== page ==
- Air Canada and Cargojet's freighter service to and from Atlanta, Bogota, Dallas-Fort Worth, Frankfurt, Lima and Mexico will cease at the end of 2017, Loadstar reported last week.
- Though the alliance was successful, with both lines seeing gains — Air Canada Cargo’s revenues rose 31% in the first nine months of 2017 — the Air Canada Pilots’ Association (ACPA), on which the alliance depended, have foregone a contract extension.
- Through a "wet lease" option, in which non-ACPA pilots were allowed to fly for the alliance, the contract was temporarily extended, though not for long. Ultimately ACPA pilots named insufficient value as the cause of the cancellation. Air Canada Cargo has stated its intention to continue offering service in the affected markets.
Pilots rights uncertain despite economic upturn.
Allegations against pilots engaged in an "intentional" slowdown brought about court action at the start of last year's peak season, in which pilots revealed industry-wide complaints, including staffing shortages, low pay and substandard contracts.
In the case of Air Canada and Cargojet, the cessation of continued ACPA approval likely had its roots in the use of non-ACPA pilots. With insufficient value to union pilots listed as the primary reason for disapproval, it's clear that allowing outside sources to man airlines already contracted with the ACPA would weaken the union's power to an unacceptable degree. Whether the wet lease was considered due to a pilot shortage or for other undisclosed reasons, the decision to end that option puts flight power back in the hands of the ACPA.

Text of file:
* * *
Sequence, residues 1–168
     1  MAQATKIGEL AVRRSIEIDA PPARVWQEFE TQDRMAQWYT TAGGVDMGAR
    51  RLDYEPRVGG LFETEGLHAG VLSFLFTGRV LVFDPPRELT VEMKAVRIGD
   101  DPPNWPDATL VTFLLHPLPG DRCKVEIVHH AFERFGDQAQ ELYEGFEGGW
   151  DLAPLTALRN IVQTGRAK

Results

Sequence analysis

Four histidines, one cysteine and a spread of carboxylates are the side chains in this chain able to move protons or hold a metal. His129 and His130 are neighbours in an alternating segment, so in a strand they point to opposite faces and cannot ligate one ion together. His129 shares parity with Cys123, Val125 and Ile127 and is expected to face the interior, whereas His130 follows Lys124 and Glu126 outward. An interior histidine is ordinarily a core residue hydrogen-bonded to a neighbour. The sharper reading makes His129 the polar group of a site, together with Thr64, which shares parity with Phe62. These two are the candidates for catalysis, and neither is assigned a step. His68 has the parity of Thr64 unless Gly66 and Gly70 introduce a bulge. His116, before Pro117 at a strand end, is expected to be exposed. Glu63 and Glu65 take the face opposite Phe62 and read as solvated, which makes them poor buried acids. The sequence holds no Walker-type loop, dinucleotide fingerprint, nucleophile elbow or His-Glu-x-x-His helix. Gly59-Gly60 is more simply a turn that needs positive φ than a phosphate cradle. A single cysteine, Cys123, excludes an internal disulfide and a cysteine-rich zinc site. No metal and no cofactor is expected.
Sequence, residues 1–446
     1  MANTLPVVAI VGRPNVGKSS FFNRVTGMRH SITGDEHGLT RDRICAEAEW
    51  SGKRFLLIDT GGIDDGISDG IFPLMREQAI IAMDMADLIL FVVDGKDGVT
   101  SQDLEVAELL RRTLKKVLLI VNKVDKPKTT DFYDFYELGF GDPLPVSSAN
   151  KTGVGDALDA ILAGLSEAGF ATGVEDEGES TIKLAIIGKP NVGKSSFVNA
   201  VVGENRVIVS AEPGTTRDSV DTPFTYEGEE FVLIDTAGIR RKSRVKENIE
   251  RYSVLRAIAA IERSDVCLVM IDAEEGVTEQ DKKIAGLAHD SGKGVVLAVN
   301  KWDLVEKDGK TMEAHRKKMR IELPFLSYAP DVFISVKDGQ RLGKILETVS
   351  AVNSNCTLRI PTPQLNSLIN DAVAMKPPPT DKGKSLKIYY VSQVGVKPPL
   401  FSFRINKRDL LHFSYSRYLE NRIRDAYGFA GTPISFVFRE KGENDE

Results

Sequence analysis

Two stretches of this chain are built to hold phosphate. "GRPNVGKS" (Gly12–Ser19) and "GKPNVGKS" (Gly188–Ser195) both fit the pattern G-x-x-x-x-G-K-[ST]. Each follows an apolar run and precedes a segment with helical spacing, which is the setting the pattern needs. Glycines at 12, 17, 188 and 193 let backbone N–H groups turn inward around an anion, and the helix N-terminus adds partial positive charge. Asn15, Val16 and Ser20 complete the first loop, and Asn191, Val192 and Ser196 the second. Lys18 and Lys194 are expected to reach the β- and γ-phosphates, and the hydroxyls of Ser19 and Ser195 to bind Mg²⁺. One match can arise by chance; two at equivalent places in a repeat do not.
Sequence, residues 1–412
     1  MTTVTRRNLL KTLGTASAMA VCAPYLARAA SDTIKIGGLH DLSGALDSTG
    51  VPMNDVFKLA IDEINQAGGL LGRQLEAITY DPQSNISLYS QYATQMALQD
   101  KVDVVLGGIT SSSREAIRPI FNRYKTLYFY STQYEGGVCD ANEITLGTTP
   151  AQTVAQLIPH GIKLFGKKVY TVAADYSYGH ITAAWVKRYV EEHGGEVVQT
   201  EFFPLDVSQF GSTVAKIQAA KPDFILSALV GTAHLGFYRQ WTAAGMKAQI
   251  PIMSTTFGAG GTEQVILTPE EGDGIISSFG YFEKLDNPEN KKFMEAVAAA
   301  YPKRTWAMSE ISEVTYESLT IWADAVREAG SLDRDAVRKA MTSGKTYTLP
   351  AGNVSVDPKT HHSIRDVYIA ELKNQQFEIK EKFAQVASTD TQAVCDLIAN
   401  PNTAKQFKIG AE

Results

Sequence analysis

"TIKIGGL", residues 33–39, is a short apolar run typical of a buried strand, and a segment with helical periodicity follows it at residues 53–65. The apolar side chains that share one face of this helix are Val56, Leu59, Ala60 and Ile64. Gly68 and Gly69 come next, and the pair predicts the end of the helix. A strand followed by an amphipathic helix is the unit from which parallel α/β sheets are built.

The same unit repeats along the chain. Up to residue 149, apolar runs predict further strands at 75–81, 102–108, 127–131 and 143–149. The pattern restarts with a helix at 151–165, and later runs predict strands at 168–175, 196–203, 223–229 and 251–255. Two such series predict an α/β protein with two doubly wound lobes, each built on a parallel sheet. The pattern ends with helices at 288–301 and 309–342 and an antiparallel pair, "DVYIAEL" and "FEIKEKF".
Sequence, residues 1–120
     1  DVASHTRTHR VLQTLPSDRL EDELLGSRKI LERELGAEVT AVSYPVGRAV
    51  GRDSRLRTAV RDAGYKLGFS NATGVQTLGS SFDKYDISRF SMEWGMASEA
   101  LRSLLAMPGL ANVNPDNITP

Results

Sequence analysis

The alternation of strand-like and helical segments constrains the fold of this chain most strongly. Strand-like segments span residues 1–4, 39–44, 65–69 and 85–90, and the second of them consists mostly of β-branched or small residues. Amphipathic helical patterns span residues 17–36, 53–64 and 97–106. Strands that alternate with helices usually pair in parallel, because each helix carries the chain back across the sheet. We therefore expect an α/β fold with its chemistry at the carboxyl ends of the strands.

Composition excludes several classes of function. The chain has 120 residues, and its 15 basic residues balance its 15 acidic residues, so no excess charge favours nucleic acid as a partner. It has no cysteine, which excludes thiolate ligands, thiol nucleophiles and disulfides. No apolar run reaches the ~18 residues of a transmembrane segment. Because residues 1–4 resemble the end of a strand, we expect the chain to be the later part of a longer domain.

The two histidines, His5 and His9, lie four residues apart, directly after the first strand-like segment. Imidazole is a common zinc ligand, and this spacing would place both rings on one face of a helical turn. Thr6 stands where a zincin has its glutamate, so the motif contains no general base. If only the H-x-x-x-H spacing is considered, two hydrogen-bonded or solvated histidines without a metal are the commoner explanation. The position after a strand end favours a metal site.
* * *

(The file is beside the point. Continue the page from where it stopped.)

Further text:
However, considering the profits gained by Air Canada Cargo, it's in the alliance's best interests to find a way to satisfy ACPA staff. Whether that's by improving contracts, guaranteeing manageable schedules, or even raising pay, deploying even a quarter of its new cargo transport gains toward improved pilot conditions is worth the investment. Despite its vow to continue offering service despite the rejected contract, there's no game plan in sight without the ACPA.